Q3. Please address where the visionary aspects
of fencing come into play. Does one focus sole attention on the blade
of the opponent? I know this sounds like an obvious question, however,
it seems I have a tendency to "look one in the eye" rather
than paying as much attention to the blade. Also, any tips on controlling
the body's immediate responsiveness to the opponents action. I would
like tips on being able to "slow down my body" and more
fully engage my mind. I would appreciate your help on these matters
and appreciate your site.
A3. I have never tried looking into the eye
of the opponent. The mask tends to make that somewhat difficult. In
epee, the opponent's arm is the closest target, so that is the morst
important area to watch. When your opponent's body or arm or let starts
to move, you can use that to your advantage. In any case, it pays
As to your second question, it is difficult to control one's immediate
responses. This is a major key in mastering the art of fencing. When
your opponent moves toward you, that is a good time to try a beat
attack or attack with a closed line. A good fencing master can help
you if you can find one. My suggestion is to develop a counter-technique.
Try various feints with a short, quick retreat. Beat the opponent's
blade and take a short, quick step backwards as you watch their reactions.
Then think about a counter-movement that will defeat the defensive
movement. In epee, I would try to lure the opponents blade out with
short feints, and when it reached the right position, a taking of
the blade in a bind worked quite well.
Another thing to try is to vary your defense movements for attacks,
such as a direct parry, counter-parry, change of line, invitation,
By keeping out of distance, you have some degree of defense against
an attack. Ganchev made me attack from a distance far greater than
I ever thought could reach the target. A very deep, fast lunge is
a great advantage, and the great Chinese women's Olympic champion
had the deepest lunge I have ever seen, almost flat to the ground.
Why are my ripostes (counterattacks) not effective?
If the attacker is within distance to hit you, the first requirement
for the counterattack is a good parry (see above). If your
parries are successful, you have accomplished a milestone in learning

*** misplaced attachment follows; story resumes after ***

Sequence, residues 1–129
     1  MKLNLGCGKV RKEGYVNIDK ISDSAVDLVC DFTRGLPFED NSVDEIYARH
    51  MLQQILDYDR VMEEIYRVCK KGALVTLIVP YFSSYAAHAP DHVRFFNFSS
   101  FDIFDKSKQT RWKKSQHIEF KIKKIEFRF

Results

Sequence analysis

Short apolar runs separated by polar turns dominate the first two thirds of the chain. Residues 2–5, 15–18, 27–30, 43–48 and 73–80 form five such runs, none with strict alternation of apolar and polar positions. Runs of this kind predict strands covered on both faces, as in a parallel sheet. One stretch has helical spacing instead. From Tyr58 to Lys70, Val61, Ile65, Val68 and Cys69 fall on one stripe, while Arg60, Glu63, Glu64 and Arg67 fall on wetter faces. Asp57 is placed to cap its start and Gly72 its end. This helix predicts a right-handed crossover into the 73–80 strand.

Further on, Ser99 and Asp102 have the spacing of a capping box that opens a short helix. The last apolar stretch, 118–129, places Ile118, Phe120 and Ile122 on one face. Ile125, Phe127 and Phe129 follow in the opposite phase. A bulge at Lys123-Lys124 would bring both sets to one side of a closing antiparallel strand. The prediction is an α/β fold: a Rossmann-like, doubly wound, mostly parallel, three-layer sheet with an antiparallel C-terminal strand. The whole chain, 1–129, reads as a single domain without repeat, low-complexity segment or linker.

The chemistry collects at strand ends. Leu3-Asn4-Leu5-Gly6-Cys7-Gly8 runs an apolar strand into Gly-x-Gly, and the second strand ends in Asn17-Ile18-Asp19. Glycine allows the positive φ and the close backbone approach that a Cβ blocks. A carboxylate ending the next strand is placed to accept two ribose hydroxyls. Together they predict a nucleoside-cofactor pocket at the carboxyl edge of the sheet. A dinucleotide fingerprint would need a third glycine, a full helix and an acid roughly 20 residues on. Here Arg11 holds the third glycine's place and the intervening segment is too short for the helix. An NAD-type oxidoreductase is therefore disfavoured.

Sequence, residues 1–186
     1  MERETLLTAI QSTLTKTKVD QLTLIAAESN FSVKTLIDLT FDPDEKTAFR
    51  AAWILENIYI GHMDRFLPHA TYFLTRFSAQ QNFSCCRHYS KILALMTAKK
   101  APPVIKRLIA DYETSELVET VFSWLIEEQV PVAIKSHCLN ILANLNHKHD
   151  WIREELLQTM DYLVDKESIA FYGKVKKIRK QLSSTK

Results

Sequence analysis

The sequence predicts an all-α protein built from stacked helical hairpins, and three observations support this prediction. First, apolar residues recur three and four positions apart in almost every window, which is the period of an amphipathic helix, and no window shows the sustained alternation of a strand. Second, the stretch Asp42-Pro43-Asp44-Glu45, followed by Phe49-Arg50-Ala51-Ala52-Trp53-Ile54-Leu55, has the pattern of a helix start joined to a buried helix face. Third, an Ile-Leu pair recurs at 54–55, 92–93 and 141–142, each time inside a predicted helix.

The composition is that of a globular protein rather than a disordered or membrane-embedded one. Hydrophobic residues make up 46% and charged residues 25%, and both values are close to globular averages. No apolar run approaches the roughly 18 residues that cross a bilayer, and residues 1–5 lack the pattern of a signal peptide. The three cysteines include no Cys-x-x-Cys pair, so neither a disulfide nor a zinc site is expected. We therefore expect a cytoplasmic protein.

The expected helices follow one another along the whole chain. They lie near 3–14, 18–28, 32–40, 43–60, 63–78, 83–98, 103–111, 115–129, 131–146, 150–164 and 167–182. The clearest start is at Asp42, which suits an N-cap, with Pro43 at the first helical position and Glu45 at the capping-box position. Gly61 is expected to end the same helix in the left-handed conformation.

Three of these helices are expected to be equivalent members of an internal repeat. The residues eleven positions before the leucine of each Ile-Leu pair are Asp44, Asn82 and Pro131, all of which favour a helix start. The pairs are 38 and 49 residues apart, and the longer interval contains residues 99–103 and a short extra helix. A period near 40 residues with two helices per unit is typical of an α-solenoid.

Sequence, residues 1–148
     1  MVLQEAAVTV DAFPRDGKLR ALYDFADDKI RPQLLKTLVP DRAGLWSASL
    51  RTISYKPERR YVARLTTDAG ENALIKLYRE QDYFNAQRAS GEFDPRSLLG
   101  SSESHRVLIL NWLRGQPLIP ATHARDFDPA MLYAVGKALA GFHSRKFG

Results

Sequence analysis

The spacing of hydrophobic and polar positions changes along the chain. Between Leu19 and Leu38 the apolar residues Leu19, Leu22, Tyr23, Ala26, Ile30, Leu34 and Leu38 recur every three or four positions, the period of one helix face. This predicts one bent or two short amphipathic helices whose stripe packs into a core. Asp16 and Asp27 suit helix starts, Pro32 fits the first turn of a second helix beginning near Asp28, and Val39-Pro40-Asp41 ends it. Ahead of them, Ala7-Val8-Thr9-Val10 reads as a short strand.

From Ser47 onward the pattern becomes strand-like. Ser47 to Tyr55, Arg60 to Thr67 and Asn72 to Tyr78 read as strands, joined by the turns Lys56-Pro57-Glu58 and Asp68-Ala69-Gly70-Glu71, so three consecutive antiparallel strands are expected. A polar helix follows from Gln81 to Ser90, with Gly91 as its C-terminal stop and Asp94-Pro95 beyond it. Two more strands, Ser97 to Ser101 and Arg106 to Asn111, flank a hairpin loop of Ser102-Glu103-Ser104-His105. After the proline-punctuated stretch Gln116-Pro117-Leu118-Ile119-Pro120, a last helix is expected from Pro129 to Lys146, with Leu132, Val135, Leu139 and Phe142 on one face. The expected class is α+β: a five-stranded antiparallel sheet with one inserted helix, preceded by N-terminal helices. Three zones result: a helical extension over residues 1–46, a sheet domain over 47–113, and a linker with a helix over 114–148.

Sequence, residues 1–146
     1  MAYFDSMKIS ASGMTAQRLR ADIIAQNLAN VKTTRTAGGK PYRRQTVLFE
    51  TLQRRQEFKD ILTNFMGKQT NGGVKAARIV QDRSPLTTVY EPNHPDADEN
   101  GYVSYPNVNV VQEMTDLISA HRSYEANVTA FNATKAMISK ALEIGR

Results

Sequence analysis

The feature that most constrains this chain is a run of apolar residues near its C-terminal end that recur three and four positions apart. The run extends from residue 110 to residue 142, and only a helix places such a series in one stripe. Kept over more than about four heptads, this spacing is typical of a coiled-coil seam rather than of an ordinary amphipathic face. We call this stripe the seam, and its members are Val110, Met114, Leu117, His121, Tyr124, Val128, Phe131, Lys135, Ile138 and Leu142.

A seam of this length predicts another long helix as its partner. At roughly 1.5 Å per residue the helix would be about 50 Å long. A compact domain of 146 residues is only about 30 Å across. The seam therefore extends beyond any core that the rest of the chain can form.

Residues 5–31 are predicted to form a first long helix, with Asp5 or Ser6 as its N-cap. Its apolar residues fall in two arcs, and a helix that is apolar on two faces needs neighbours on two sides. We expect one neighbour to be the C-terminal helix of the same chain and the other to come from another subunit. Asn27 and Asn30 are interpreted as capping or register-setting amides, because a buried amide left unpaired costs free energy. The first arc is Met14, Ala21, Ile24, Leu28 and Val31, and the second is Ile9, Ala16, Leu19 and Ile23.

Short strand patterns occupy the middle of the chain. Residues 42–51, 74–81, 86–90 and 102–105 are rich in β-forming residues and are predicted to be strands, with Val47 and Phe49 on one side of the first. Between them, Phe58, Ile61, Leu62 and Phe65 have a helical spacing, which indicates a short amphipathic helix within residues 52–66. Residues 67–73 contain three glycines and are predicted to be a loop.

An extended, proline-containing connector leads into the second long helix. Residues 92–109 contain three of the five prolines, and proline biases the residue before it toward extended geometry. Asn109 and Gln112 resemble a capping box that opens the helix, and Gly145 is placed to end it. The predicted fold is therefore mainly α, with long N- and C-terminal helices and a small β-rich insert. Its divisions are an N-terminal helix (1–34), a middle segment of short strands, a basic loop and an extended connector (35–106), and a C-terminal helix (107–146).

fencing, and this makes it easier to have effective ripostes. Too
much arm, leg or body motion slows it down, although a slight retreat
may help. Wrist motion is the fastest and most effective for a parry,
and the riposte must be immediate. The most important step is to
riposte properly, which requires work on timing (of blade,
arm and body) and distance (between fencers). If the angle
of the parry is too large, then the riposte will become slower.
That is because the thrust follows immediately after the parry,
and the arm must be straightened, which takes time. The more
the bend in the arm for the parry, the slower the riposte.
The arm must be loose, and the wrist action emphasized. There are
exceptions to this, as you will perhaps observe some foil fencers
who can use a few large movements effectively. However, they will
probably never become really good fencers, and the beauty of fencing
is lost in the process.
is to experiment with lowering the angle of the parry, such
that the riposte becomes faster, while maintaining an effective
parry. A lesser angle of the blade makes for a shorter and quicker
thrust in the riposte. A loose fist, wrist and elbow are essential.
This may seem counterintuitive, but it allows greater control and
variability. Control of distance is also essential. If you have
a good fencing master, he will probably be teaching you how to perform
a combination parry-riposte movement, with timing, distance
and body movements taught together. This type of teaching has the
advantage of not having to go through the difficult process of having
to unlearn slow movements before moving on to other techniques.
Therefore, having an excellent fencing master at the beginning of
your fencing career is the most desirable situation. Unfortunately,
not all fencers will have this opportunity available to them, and
these suggestions can be quite helpful. See Fencing
Techniques for more help.
What is the fundamental technique for defense against a simple
Keeping out of distance before you begin your attack is the
first basic requirement. Learn all eight parries and vary them with
"invitations" can be very effective, although difficult
to learn. In order to avoid the attacker's blade when the distance